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Animal 20

Animal 20

Through 2020, Elon Musk’s company Neuralink paid $1.4 million to the University of California, Davis, to use its facilities, where experimenters removed portions of monkeys’ skulls to implant electrodes in the animals’ brains related to the development of a “brain-machine interface.” Only in 2022, following a public records lawsuit by the Physicians Committee for Responsible Medicine, did the troubling details of these experiments begin to come to light. The company is still conducting experiments on animals at its facilities in California and Texas.

This is the story of one monkey, “Animal 20.” He was a macaque who was 7 years old when Neuralink staff put him under the knife for the first time on Dec. 2, 2019 during an “Experimental” surgery that lasted 9 hours. During the surgery, Neuralink employees made an incision along the side of Animal 20’s head and then cut and “elevated” the underlying muscle. They then drilled two burr holes into his skull, inserted electrodes attached to implants, and placed titanium plates over the holes.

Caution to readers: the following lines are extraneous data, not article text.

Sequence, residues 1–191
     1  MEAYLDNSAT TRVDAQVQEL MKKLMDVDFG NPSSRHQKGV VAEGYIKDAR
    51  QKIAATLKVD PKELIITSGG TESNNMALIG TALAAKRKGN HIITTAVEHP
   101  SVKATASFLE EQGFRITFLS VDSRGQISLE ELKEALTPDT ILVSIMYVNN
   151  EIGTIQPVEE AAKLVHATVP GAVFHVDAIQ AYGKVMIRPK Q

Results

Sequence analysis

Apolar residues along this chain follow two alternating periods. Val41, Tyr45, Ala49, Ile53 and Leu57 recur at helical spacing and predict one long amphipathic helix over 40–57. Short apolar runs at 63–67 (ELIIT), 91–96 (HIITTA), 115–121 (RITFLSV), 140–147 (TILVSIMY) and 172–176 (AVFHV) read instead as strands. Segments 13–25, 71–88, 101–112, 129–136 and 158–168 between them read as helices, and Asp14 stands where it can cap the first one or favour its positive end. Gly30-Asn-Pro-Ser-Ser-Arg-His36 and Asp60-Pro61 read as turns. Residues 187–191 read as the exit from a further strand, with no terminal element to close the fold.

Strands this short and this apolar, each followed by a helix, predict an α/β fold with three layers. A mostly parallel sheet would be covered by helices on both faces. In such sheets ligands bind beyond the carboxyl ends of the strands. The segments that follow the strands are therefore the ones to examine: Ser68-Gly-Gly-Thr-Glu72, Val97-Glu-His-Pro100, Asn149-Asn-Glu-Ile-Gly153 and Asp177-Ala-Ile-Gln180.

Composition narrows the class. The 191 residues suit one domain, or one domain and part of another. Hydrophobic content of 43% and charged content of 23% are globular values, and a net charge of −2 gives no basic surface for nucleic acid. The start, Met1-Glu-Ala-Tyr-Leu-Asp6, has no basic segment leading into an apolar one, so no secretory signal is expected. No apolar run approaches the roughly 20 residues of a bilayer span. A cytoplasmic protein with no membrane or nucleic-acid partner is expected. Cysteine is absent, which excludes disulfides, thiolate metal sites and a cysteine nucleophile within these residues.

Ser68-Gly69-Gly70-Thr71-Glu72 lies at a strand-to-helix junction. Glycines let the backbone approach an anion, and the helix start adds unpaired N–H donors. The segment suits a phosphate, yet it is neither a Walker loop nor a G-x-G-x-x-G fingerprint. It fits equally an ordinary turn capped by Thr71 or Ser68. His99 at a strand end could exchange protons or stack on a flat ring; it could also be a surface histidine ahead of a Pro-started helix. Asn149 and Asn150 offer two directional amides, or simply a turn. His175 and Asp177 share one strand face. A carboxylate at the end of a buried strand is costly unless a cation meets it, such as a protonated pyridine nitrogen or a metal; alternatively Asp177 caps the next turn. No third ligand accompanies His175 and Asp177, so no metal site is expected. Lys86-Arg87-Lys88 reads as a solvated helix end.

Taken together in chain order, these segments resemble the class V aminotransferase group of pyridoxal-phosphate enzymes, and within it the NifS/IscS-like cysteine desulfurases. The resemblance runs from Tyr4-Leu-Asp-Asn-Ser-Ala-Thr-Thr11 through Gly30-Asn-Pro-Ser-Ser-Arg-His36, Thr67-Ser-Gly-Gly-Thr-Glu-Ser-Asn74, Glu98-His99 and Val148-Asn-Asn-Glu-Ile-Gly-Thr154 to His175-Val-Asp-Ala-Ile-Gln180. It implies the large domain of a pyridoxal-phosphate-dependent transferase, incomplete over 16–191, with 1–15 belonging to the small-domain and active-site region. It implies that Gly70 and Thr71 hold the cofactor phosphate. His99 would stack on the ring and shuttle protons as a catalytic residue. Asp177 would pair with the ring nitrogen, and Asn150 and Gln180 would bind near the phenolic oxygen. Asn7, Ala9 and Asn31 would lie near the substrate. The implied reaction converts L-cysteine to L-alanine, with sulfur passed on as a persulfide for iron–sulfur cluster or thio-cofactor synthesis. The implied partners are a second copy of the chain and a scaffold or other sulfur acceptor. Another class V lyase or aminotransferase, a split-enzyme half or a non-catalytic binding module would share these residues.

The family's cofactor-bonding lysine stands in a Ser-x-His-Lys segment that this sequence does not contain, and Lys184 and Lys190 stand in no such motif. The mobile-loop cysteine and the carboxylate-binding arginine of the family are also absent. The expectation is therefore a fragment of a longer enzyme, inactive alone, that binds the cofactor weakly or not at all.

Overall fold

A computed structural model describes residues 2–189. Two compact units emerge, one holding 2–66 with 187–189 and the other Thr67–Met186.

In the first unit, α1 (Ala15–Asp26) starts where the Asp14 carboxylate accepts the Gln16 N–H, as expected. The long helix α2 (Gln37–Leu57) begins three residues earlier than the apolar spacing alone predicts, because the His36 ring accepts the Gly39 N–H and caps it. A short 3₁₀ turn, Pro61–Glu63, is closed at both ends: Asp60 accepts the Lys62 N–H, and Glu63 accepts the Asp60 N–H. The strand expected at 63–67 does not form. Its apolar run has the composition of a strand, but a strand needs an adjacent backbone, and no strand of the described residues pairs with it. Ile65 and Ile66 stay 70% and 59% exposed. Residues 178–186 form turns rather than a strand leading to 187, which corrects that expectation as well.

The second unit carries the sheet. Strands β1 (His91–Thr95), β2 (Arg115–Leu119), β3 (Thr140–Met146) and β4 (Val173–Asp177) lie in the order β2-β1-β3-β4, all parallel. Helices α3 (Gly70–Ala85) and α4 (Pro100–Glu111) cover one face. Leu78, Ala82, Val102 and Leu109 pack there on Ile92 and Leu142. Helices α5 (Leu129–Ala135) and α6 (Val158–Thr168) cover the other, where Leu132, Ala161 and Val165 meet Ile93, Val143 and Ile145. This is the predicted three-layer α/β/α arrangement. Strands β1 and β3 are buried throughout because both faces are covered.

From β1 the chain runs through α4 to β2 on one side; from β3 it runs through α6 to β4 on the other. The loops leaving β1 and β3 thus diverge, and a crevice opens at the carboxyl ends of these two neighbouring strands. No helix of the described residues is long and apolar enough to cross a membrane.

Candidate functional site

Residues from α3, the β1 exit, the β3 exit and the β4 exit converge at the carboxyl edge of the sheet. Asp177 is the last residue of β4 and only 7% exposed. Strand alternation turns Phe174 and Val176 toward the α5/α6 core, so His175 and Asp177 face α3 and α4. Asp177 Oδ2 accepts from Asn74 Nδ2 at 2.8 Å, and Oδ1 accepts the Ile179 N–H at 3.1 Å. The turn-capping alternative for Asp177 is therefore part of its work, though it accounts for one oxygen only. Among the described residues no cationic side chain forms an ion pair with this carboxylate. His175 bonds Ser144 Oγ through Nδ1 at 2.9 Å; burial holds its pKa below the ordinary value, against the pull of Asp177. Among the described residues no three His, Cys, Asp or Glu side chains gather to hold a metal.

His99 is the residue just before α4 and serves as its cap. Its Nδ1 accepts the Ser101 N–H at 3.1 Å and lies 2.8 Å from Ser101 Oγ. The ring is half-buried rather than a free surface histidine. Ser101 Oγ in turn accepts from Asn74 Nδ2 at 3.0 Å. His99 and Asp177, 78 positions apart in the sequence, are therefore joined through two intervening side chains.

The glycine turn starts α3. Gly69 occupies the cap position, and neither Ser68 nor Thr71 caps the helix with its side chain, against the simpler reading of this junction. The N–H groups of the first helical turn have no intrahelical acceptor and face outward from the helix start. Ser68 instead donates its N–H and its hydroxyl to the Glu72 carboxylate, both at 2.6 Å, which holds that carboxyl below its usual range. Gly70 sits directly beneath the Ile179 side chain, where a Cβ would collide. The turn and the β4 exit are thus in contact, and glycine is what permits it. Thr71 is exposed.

The exposed portions of the implants were referred to as “pill boxes” and were “secured in place with up to 20 blunt-tipped screws.” Those pill boxes were connected to a cable and port under his skin that were secured with more “bone screws.”




Immediately, it was clear that something had gone wrong during the surgery. A handwritten note stated that both front (rostral) and back (caudal) feet of the implant “broke off of xternal connector base.”




Animal 20 was seen “pulling on port connector which is now dislodged (no longer secured).” 




On Dec. 3, Neuralink subjected Animal 20 to another surgery to fix their mistake. They found that a device they had implanted was “free of its bony anchors” and had “sharp edges.”




The next day, Animal 20 was “picking at incision and occasionally pulling on implant.” To address this, UC Davis staff requested “additional enrichment devices.” 




Soon, infections developed. On Dec. 20, UC Davis staff found antibiotic resistant E. coli and Candida glabrata, a fungal infection, at the surgical site. They discussed a “necropsy next week,” meaning they planned to euthanize Animal 20.




On Jan. 6, 2020, UC Davis staff euthanized Animal 20 and performed a necropsy that night.